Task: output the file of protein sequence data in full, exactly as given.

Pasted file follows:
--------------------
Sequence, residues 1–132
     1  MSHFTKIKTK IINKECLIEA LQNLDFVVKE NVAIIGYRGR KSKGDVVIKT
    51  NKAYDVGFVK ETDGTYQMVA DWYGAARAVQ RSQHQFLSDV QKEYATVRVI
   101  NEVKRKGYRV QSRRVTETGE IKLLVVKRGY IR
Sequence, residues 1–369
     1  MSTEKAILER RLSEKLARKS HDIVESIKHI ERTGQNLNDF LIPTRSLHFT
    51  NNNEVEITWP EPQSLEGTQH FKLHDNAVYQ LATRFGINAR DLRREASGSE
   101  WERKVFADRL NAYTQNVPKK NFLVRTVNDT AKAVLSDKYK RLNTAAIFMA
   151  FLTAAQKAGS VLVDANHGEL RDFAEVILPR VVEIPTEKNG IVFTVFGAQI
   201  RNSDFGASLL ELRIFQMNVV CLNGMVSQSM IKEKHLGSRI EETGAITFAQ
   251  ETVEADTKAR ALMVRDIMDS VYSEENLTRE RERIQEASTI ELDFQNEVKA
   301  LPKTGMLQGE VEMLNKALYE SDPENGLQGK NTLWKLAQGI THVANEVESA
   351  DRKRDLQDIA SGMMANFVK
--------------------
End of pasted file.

Sequence, residues 1–132
     1  MSHFTKIKTK IINKECLIEA LQNLDFVVKE NVAIIGYRGR KSKGDVVIKT
    51  NKAYDVGFVK ETDGTYQMVA DWYGAARAVQ RSQHQFLSDV QKEYATVRVI
   101  NEVKRKGYRV QSRRVTETGE IKLLVVKRGY IR
Sequence, residues 1–369
     1  MSTEKAILER RLSEKLARKS HDIVESIKHI ERTGQNLNDF LIPTRSLHFT
    51  NNNEVEITWP EPQSLEGTQH FKLHDNAVYQ LATRFGINAR DLRREASGSE
   101  WERKVFADRL NAYTQNVPKK NFLVRTVNDT AKAVLSDKYK RLNTAAIFMA
   151  FLTAAQKAGS VLVDANHGEL RDFAEVILPR VVEIPTEKNG IVFTVFGAQI
   201  RNSDFGASLL ELRIFQMNVV CLNGMVSQSM IKEKHLGSRI EETGAITFAQ
   251  ETVEADTKAR ALMVRDIMDS VYSEENLTRE RERIQEASTI ELDFQNEVKA
   301  LPKTGMLQGE VEMLNKALYE SDPENGLQGK NTLWKLAQGI THVANEVESA
   351  DRKRDLQDIA SGMMANFVK